Last week, the Kennedy Center marked its golden anniversary with a grand spectacle in the Concert Hall, a live event full of several thousand masked guests that also doubled as the center’s public reopening after 18 months of the pandemic.
“The 50th Anniversary Celebration Concert,” directed and choreographed by Emmy-winner and Tony-nominee Joshua Bergasse, featured a parade of performing artists of the highest caliber that lasted for over two and a half hours. It will be edited down for a program, hosted by Audra McDonald airing on PBS on Friday, Oct. 1.
The performance program began by harnessing the full power of the National Symphony Orchestra and guest conductor JoAnn Falletta as they played through the exhilarating Candide Overture by Leonard Bernstein, and it closed in even more glorious, uplifting fashion with a rendition of the Oscar-winning hit “Glory” featuring the song’s co-writer and hip-hop star Common backed by Broadway belter Joshua Henry and the 13-member cast of the new Broadway musical Soft Power from Jeanine Tesori (Fun Home) and David Henry Hwang (M. Butterfly).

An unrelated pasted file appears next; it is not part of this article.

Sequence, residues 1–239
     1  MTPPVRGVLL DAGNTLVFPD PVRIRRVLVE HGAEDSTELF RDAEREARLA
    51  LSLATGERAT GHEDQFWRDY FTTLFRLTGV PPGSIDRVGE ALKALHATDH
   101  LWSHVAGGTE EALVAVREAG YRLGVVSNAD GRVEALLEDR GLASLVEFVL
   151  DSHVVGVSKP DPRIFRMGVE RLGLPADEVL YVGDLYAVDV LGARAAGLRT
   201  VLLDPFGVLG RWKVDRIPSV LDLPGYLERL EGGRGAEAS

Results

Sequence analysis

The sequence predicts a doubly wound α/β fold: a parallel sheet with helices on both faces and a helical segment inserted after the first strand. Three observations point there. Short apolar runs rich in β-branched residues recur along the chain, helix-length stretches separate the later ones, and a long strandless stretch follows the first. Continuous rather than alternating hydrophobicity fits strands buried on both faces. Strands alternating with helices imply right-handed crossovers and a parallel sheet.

“Our differences are precious and our similarities infinite,” First Lady Dr. Jill Biden said in a speech that kicked off the evening. Another early speech came from Caroline Kennedy and Rose Schlossberg, in a joint appearance paying tribute to their father and grandfather, respectively, and the center’s namesake, the 35th U.S. president.
Partly inspired by the 1962 televised fundraiser “An American Pageant for the Arts” hosted by Leonard Bernstein, the diverse and elaborate showcase had more true highlights than even the Grammy Awards ceremony typically pulls off.
Highlights included Glee star Darren Criss covering “I Dreamed A Dream” from Les Miz, the young classical star Ray Chen playing the finale to Felix Mendelssohn’s Violin Concerto, Chris Thile’s Punch Brothers performing “My Oh My,” a thrilling display of their style of progressive folk, and Marc Bamuthi Joseph, performing an incisive and thought-provoking work of spoken-word poetry “Dignity as Currency,” delivered in a masterful rapid-fire, hip-hop style.
The true standout of the evening was the transformative, protracted riff on Duke Ellington’s jazz standard “It Don’t Mean a Thing (If It Ain’t Got That Swing)” led by contemporary jazz diva Dianne Reeves, who sang in a spirited and frisky interplay with Christian McBride’s dexterous bass playing. You couldn’t dream up a more fitting tribute to the past, nor a more promising signal of what’s to come at the Kennedy Center than such a vibrant and dynamic performance. The Kennedy Center at 50 airs Friday, Oct. 1, at 9 p.m., on PBS, PBS.org, and the PBS video app. Visit www.weta.org.
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